Mike Francesa, a man who already has a tenuous grip on the world to start with, struggled to be coherent when a caller asked if he could one day see a woman coaching a men’s professional sports team.

Not only was Francesa incapable of imagining a woman coaching a team of men; he was also incapable of imagining why anyone would ever want that. An excerpt of the conversation:

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CALLER: I’d like to someday in my lifetime see a female coach. I think—

FRANCESA: Why?

CALLER: I just think it would be something that would be great to see one day.

FRANCESA: But why? I’m asking you why, but what would make that person qualified?

CALLER: I could see it happening in college. You know, great female college basketball coach becoming someday an NBA coach. Couldn’t you see that?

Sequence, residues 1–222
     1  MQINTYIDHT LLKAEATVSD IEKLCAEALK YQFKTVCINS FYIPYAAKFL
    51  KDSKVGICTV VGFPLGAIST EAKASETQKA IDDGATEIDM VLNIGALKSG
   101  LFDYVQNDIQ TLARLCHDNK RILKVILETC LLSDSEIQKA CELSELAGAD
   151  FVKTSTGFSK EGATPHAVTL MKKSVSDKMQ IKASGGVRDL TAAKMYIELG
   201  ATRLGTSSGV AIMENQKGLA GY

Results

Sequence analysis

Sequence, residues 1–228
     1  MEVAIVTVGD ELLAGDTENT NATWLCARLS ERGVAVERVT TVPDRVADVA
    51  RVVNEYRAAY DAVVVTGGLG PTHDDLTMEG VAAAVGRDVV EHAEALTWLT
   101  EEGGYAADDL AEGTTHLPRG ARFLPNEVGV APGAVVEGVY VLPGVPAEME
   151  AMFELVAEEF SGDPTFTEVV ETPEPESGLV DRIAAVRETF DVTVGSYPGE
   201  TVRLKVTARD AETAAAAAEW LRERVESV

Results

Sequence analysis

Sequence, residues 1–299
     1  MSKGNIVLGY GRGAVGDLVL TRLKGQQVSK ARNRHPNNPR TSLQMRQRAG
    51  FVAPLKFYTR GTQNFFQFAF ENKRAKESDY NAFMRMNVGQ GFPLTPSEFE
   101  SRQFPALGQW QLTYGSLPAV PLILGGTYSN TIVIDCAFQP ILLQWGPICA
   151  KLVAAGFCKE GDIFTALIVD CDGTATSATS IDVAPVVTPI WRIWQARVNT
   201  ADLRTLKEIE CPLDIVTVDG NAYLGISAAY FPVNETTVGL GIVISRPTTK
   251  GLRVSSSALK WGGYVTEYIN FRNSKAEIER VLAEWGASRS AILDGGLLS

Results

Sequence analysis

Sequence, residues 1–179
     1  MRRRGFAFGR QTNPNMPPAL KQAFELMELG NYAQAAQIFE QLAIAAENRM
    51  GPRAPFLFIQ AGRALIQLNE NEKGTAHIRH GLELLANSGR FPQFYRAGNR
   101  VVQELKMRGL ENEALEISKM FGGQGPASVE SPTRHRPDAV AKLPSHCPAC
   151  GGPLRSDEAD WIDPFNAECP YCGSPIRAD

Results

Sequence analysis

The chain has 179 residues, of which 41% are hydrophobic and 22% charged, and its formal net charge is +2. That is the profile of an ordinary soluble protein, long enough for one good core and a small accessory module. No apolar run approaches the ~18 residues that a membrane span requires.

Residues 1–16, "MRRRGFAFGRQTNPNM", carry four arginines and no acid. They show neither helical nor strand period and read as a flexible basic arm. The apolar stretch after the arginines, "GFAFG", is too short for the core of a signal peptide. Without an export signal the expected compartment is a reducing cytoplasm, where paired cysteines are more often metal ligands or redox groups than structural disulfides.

FRANCESA: [pause] How would she get to the NBA, though?

The caller does himself no favors by suggesting radio broadcaster Suzyn Waldman could coach the New York Yankees, but Francesa doesn’t pursue the battles he could win. He wants to make the point that only former players should be coaches or managers. “You’re not going to start off as a head coach or a manager. ... Would you take someone who has no experience and make them the head coach?”

Of course not, but head coaches don’t just become head coaches. They start out as lower-level assistants, and as the caller points out, former WNBA player Becky Hammon has been a coach for the San Antonio Spurs since 2014. Francesa dismisses Hammon as essentially a PR stunt that was only notable because of Gregg Popovich’s popularity, even though it answers the radio host’s question of how a woman could get to the NBA.

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Ultimately, Mike’s just looking out for the ladies. “Do you know how difficult it would be on a female to manage 25 men? It wouldn’t be tough, it’d be impossible!” Those poor women. “It really would be unfair.”